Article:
DIY Dresser/Changing Table
In my quest to be frugal and to reuse/repurpose whenever possible, I recently set out to find a used dresser that could also double as a changing table. Just about any dresser of the appropriate height can be used as a changing table, but the prices of new ones are pretty outrageous. Even the ones made of chintzy particle board are rather expensive.
So I scoured Craigslist until I found The One. It fit my criteria: the right height, the right number of drawers, solid wood, and the right price ($30!). And I really scored because this particular dresser is also designed specifically to double as a changing table.
But as you can see in the photos below, it started off with a medium oak stain and matching knobs. Very chic, for the late 80s-early 90s.
To bring it up to date and match it to the theme of the nursery, I purchased two colors of semi-gloss paint, as well as a small paint brush and roller. Between the paint, the brush and roller, and the plastic painter’s tarp, I spent $36.
My husband set to work on the balcony of our apartment, using the roller brush for the bulk of the dresser and the paint brush for the edges and knobs.
I’m particularly pleased with my knob-painting invention: an empty tissue box converted into a holder for these little guys. I just opened one end of the box to access it from the inside, inserted the knob screws up through the top of the box, and screwed on the knobs. This allowed my husband to paint the knobs and let them dry with zero hassle.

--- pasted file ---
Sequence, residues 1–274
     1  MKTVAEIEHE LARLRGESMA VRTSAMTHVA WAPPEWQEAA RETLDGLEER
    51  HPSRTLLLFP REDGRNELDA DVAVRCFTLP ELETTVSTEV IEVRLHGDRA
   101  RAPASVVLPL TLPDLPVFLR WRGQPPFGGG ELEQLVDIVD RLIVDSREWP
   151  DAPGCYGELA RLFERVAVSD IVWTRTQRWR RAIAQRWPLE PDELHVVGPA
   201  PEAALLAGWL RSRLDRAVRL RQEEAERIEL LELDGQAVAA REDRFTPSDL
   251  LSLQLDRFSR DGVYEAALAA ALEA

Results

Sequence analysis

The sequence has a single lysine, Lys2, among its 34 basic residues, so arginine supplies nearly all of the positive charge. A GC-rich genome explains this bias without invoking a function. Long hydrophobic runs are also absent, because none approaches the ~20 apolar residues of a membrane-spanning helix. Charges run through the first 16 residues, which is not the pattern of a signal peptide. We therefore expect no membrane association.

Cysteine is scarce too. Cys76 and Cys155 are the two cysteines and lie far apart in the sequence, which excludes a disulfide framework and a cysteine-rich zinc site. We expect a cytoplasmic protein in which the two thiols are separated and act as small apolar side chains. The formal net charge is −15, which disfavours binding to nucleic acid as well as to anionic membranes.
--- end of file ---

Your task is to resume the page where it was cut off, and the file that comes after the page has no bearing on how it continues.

We let the paint dry on the dresser out on the balcony for about two days before bringing it into the nursery. The paint was still slightly tacky, and it took another couple of days before it was completely dry.
I purchased this vintage-inspired knob from Anthropologie for $8 (which is why I chose to buy only one). The polka dots are just the right color, and the knob hints at the vintage circus theme that I’m going for.
With all said and done, this dresser/changing table cost me about $75. It’s absolutely unique, is gender neutral enough to be used for any future babies, and is far less expensive than any brand-new personality-less dresser.
Lastly, I’d be remiss if I didn’t point out that both the fleece cover on the changing pad and the diaper holder were handmade by my mother-in-law. The multi-colored polka dots were the color inspiration for the dresser. I’m so happy with how this turned out!